The benefits and challenges for machine builders and systems integrators are discussed, while practical recommendations are provided to materialise the advantages of the new digital age. For instance, how control systems could be realised in a modular and decentralised way, rather than the historical centralised control system approach. This enables function blocks to be re-used, which facilitates and shortens engineering cycles.
The white paper also explains how components can be deployed as smart devices and enabled to autonomously control function blocks within a machine based on the environmental data available. By using protocols such as OPC-UA, machines can be easily equipped with new standardised communication features. As a result, machine builders will be able to make their systems IoT-ready, enabling end users to integrate them into their digital factories of the future.
“The Industry 4.0 concept does far more than just increase productivity and efficiency, integrating Cyber Physical Systems into the Internet of Things opens up even greater possibilities,” said Chris Pack, field product manager, Eaton. “Collected data could be supplied to the machine builder to allow monitoring of the machine’s operation and introduce predictive maintenance measures, increasing the machine’s availability. The manufacturer can also see how the machines are being used and recommend optimisations or further improvements.”
Real-world examples are provided that show how easily these concepts can be integrated together. For instance, the white paper reveals how, by using Eaton’s intelligent wiring system SmartWire-DT together with the PKE electronic motor-protective circuit breaker or the DE1 variable speed starter, it’s possible to easily retrieve process data and provide it to an external resource for mobile visualisation or deep-dive analysis.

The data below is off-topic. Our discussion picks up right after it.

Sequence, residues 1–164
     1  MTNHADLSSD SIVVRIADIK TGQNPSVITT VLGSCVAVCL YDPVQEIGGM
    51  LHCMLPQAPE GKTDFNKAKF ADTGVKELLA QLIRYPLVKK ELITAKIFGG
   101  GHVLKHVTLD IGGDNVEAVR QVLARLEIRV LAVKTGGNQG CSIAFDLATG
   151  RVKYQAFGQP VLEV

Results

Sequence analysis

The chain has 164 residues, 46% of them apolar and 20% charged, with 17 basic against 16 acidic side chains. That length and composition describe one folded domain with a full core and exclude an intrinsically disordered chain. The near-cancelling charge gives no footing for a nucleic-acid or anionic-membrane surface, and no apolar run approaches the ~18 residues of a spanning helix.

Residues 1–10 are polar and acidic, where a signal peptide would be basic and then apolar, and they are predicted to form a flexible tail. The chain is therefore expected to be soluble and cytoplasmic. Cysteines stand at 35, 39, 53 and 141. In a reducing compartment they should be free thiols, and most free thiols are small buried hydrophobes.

In the white paper three IoT examples are provided, including one project that highlights how even hydraulic power units can become part of a digital solution. With its years of experience in both the electrical and hydraulic industry, Eaton can not only provide the components but also demonstrate how the combination of these products into smart devices is vital, particularly in Industry 4.0 scenarios; and has the potential to save a huge amount of energy.
Eaton has set itself the objective to provide the mechanical engineering sector with solutions that can be integrated easily to make machines IoT-ready. The power management company is developing components, systems and services for this to enable all OEMs to implement the basic principles of Industry 4.0 in their products, regardless of whether they are small, compact machines or complex, large scale systems.